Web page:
BATON ROUGE, La. (BRPROUD) – BRProud’s Kennedi Walker has been on the front lines covering the COVID-19 pandemic. When reports came out about reactions to the Johnson & Johnson vaccine, they were almost identical to what she experienced.
When it was Walker’s turn to get a shot, she was excited. Afterward, she went to work, but throughout the day, she lost feeling in her left hand and fingers.
Then 12 hours later, with a fever of 103 degrees, she was rushed to the emergency room, where she passed out. Doctors ran tests, gave her pain medication, and sent her home.
After leaving the ER, Walker’s symptoms didn’t improve; the body aches and chills worsened.
“At times, it felt like I couldn’t breathe,” Walker said.
It wasn’t until her second ER trip that doctors realized she was having a rare reaction to the vaccine.
Federal health authorities told providers Tuesday to temporarily stop giving out the Johnson and Johnson vaccine after six women between the ages of 18 and 48 developed blood clots. One person died, and another is in critical condition.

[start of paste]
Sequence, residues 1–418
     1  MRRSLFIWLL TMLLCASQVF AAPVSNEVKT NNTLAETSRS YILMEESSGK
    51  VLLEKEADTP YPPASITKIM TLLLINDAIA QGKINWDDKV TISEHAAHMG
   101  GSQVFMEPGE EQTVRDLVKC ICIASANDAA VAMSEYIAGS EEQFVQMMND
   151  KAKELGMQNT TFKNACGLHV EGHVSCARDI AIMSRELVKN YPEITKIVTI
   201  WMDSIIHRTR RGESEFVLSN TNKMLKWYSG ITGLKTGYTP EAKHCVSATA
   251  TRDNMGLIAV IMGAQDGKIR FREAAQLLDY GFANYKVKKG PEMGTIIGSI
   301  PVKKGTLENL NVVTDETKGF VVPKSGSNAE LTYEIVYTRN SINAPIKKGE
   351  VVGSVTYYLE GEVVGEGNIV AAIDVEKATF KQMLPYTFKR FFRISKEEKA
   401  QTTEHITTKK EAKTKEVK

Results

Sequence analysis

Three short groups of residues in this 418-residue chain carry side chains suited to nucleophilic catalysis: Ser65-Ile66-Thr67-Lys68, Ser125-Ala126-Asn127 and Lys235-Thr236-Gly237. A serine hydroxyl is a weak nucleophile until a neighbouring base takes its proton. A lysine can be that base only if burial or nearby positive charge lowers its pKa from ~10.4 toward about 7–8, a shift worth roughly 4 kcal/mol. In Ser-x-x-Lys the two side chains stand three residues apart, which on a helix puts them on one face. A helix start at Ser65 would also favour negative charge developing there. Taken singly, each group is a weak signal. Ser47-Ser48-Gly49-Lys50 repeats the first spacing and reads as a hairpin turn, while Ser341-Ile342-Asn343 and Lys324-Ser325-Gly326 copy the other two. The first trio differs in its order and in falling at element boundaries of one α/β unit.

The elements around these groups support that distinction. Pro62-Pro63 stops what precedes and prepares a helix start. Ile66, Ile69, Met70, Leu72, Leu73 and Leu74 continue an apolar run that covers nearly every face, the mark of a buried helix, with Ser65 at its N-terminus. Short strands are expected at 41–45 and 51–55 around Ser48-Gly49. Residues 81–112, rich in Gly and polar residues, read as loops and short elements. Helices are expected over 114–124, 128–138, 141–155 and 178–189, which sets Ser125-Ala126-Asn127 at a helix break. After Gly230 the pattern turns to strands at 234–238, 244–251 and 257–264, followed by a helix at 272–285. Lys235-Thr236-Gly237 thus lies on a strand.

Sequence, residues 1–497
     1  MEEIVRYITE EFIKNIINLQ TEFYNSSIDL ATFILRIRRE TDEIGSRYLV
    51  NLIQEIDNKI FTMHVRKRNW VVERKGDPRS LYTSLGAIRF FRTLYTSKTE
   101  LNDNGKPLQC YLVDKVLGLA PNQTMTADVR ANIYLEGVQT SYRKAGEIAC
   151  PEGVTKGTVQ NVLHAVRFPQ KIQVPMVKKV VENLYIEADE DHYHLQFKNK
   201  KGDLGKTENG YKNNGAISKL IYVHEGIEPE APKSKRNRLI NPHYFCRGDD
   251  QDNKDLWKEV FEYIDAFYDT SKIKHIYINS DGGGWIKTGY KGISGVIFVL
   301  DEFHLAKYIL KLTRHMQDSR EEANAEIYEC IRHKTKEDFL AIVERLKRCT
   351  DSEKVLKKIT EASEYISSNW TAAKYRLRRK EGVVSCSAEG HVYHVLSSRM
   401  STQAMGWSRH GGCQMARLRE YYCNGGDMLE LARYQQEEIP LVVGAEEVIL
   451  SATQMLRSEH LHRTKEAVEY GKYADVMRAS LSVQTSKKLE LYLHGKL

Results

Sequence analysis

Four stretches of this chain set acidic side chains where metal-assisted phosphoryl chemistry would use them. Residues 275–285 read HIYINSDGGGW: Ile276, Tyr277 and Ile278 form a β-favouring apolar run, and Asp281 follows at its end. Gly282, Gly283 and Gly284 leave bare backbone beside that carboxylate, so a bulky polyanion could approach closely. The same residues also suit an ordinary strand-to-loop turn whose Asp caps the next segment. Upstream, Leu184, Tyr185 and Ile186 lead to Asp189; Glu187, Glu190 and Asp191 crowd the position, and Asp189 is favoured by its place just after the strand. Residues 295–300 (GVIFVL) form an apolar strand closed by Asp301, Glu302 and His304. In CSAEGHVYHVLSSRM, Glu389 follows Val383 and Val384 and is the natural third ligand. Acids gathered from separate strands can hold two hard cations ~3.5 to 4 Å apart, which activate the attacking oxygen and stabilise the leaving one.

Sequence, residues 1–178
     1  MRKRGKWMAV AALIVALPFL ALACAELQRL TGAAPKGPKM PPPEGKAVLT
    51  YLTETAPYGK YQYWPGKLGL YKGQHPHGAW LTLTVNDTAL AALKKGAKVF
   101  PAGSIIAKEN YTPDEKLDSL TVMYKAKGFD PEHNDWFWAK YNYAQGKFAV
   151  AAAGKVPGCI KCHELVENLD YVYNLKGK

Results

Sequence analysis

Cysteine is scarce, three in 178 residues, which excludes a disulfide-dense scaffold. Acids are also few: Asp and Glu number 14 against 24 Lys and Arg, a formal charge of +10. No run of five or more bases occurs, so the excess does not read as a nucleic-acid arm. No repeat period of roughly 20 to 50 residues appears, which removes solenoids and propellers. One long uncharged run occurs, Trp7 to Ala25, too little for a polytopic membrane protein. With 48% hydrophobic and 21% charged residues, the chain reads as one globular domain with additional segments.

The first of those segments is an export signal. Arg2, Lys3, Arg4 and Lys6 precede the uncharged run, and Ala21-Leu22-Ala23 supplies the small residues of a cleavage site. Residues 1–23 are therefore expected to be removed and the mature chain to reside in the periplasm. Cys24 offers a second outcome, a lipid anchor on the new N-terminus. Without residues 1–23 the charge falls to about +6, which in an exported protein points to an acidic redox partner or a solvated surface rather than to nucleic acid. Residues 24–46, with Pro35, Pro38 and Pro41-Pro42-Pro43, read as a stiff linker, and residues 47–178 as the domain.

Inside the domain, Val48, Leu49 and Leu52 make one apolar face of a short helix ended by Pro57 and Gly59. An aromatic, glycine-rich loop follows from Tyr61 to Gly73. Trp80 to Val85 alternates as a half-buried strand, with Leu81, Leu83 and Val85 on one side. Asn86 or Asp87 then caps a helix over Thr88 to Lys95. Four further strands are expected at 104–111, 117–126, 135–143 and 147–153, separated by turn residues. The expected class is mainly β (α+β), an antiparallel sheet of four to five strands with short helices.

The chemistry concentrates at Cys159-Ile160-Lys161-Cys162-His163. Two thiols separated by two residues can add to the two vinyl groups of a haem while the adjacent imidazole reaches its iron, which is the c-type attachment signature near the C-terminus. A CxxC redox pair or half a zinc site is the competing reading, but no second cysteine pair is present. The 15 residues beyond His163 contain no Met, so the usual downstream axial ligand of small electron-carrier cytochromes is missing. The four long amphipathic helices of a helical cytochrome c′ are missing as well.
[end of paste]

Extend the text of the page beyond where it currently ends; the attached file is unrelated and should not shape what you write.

Ochsner Regional Medical Director Dr. Aldo Russo said the clots are considered extremely rare.
“That’s a reaction that happened in less than .5% of the people that got vaccinated,” Russo said. “We do know if you get COVID, you have a 15% chance of developing clots in your body in either your legs or your lungs.”
Overall, more than 6.8 million people in the U.S. have received the Johnson & Johnson vaccine. No similar issues have been reported with Pfizer or Moderna.
Sarah Joy Hays, who also received the J & J vaccine, did not experience the same kind of reactions that Walker did.
“Honestly, it was no worse than the flu shot this year,” Hays said, adding that she only had soreness in her arm, something physicians say is normal.
Our Lady of the Lake’s Chief Medical Officer Dr. Katherine O’Neal said the rare reactions should not deter people from getting vaccinated.
“We’ve given a ton of vaccines, and that vaccine is safe,” O’Neal said. “We have 100 million people worth of those vaccines and haven’t seen those types of side effects.”
In a statement, Johnson & Johnson said it is aware that blood clots have been reported with some COVID-19 vaccines, but there’s no clear connection between the vaccine and the clots.
Physicians continue to urge everyone to help stop the spread.
“The vaccine really works. It’s safe. It’s saving tons of lives,” O’Neal said.